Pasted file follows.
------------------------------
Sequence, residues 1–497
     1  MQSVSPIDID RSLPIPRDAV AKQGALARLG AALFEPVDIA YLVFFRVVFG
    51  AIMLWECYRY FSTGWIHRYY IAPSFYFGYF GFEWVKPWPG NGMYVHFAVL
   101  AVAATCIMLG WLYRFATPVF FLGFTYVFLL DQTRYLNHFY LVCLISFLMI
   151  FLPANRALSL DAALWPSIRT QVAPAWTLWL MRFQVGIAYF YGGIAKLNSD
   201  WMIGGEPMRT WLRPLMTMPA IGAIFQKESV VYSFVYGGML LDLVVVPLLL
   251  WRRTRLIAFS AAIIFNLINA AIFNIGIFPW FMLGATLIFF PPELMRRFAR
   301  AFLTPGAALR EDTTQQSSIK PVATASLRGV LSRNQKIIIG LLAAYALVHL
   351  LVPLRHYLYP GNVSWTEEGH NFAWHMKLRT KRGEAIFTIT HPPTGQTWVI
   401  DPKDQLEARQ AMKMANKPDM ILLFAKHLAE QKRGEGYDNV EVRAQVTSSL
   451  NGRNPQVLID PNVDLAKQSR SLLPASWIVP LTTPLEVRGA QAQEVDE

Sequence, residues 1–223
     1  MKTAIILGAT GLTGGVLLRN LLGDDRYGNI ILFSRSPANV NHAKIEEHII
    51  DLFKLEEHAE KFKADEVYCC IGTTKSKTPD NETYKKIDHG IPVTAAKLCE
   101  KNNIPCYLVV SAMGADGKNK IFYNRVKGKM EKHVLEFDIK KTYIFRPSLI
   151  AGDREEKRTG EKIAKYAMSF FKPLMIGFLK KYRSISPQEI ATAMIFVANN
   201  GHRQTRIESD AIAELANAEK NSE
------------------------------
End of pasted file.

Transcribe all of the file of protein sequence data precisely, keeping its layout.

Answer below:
Sequence, residues 1–497
     1  MQSVSPIDID RSLPIPRDAV AKQGALARLG AALFEPVDIA YLVFFRVVFG
    51  AIMLWECYRY FSTGWIHRYY IAPSFYFGYF GFEWVKPWPG NGMYVHFAVL
   101  AVAATCIMLG WLYRFATPVF FLGFTYVFLL DQTRYLNHFY LVCLISFLMI
   151  FLPANRALSL DAALWPSIRT QVAPAWTLWL MRFQVGIAYF YGGIAKLNSD
   201  WMIGGEPMRT WLRPLMTMPA IGAIFQKESV VYSFVYGGML LDLVVVPLLL
   251  WRRTRLIAFS AAIIFNLINA AIFNIGIFPW FMLGATLIFF PPELMRRFAR
   301  AFLTPGAALR EDTTQQSSIK PVATASLRGV LSRNQKIIIG LLAAYALVHL
   351  LVPLRHYLYP GNVSWTEEGH NFAWHMKLRT KRGEAIFTIT HPPTGQTWVI
   401  DPKDQLEARQ AMKMANKPDM ILLFAKHLAE QKRGEGYDNV EVRAQVTSSL
   451  NGRNPQVLID PNVDLAKQSR SLLPASWIVP LTTPLEVRGA QAQEVDE

Sequence, residues 1–223
     1  MKTAIILGAT GLTGGVLLRN LLGDDRYGNI ILFSRSPANV NHAKIEEHII
    51  DLFKLEEHAE KFKADEVYCC IGTTKSKTPD NETYKKIDHG IPVTAAKLCE
   101  KNNIPCYLVV SAMGADGKNK IFYNRVKGKM EKHVLEFDIK KTYIFRPSLI
   151  AGDREEKRTG EKIAKYAMSF FKPLMIGFLK KYRSISPQEI ATAMIFVANN
   201  GHRQTRIESD AIAELANAEK NSE